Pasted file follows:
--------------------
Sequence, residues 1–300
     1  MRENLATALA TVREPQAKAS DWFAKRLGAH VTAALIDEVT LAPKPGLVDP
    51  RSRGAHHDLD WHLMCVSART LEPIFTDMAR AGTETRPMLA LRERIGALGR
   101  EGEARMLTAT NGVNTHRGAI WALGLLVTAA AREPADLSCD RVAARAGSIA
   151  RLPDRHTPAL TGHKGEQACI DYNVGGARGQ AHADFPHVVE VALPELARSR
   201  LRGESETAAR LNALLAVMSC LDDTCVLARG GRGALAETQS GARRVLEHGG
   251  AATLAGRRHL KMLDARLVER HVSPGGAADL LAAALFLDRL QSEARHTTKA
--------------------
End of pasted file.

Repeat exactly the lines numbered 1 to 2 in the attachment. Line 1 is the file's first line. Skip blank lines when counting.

Sequence, residues 1–300
     1  MRENLATALA TVREPQAKAS DWFAKRLGAH VTAALIDEVT LAPKPGLVDP